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Daycare or Preschool
What's Best for Your Family
Puzzled by the differences between preschool and daycare — and which one is right for your budget, schedule, and (of course) child? Here's what you need to know to make the best decision.
In Bangkok, daycares are few in number. Terminology makes it even more confusing as many places use the terms daycare and preschool interchangeably. Either way, you may be wondering: Do the benefits of preschool outweigh those offered by a good daycare? Not at all.
In many countries these days, daycare centers often provide more than just care — they also offer learning activities to prep kids for kindergarten, which means the curriculum may mirror a good preschool’s. Plus, sending your child to daycare can cost about the same or less as sending him to preschool. In most cases in Thailand, international daycares cost much less than the comparable preschools. Still, there are some key differences between preschool and daycare — differences you’ll probably want to consider before you turn over that registration deposit for either option. Here’s what sets them apart:
Preschools have shorter daily hours and operate for a total of 180 days out of the year — most close on holidays, for week long breaks, and for the summer (though some preschools offer camp for an extra fee when the school year ends). With preschools, you usually have to choose between half-day and extended hour programs (often ending around 2:30pm). And you probably need to enroll your child for at least two days each week as a minimum.
Daycare centers are more flexible when it comes to hours — they tend to open early and close late to cater to working parents. Plus, they’re more likely than preschools to remain open all year-round, except for public holidays. Some daycare centers allow you to totally personalize your child’s schedule (just an hour on some days so you can run errands at your pace and not at your tot’s; full days on others so you can go to work; drop-in days when an emergency situation arises).
Kids, from wee infants to grade-schoolers, are welcome at many daycare centers. That means your little one may get a chance to socialize with bigger kids and be around babies (a huge bonus if your only child is soon becoming a big sibling). This also means that classes may or may not be separated by age. Downside: It also means the caregivers may be more preoccupied with the really little ones unless the facility is well staffed.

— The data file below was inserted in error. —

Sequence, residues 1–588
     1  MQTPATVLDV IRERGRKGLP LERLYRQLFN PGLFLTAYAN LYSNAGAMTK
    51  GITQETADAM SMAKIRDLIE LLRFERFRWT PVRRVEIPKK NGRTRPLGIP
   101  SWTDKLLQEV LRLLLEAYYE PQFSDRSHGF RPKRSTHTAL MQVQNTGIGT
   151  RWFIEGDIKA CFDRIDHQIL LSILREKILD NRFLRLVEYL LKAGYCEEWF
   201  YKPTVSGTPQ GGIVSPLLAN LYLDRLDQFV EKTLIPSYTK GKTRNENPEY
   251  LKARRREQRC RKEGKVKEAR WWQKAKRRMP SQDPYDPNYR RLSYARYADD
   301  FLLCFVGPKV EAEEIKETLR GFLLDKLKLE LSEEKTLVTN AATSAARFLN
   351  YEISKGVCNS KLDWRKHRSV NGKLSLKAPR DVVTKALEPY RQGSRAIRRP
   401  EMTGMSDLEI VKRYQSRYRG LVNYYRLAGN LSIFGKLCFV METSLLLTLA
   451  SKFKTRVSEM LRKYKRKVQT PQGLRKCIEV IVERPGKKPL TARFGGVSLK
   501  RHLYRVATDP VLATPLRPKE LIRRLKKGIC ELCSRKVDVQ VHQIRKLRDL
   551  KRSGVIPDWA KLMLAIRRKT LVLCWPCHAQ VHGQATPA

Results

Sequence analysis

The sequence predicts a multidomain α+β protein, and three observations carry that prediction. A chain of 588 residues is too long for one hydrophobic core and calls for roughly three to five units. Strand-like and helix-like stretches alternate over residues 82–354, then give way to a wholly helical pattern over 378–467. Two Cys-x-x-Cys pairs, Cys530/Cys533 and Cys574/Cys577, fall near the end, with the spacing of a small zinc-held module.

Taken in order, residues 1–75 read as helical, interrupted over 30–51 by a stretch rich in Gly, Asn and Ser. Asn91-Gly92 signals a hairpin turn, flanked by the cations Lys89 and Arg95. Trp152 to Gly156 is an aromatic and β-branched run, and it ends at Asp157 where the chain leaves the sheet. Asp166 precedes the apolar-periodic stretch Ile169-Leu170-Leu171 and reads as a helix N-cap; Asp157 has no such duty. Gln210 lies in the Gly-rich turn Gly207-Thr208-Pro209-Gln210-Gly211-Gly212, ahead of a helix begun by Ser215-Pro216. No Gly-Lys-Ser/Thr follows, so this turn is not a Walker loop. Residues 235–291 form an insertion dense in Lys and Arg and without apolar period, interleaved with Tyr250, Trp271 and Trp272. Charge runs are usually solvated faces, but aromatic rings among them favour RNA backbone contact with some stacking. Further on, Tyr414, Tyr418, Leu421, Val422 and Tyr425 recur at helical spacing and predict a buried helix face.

Preschools usually accept children ages two to five. Plus, age groups tend to be separated at preschools — there’s usually one classroom for the three-year-olds and another for the four- and five-year-olds, though they may mingle by the swings and slides at the playground.
Many preschools require your child to be toilet-trained. Day cares accept kids in diapers and can assist with toilet training.
The differences above are the most frequent, but there can be more and those often times vary from center to center. Even between preschools themselves and daycares themselves, there are additional differences. These include curriculum, teaching philosophies, food, number of staff employed, teacher/child ratios, size of facilities, indoor/outdoor/gym spaces available, transportation options, etc. The list may be endless.
Still stuck on what is best for you, your family, and your child specifically? Since general guidelines will take you only so far, it’s time to look closer to home. Focus on the specific centers in your area. The best program is the one that best fits you, your child, your schedule, and your budget — and in your neighborhood, daycare or preschool may both be strong options. Make a chart of their individual pros and cons. Ask yourself: Is the facilities right for my child? Which teachers are more child friendly? Which classroom is more inviting? Which one offers more engaging age appropriate activities? Where do the children seem happier? The more on-site investigating you do, the more likely you’ll find the best preschool or daycare match for your munchkin — and you.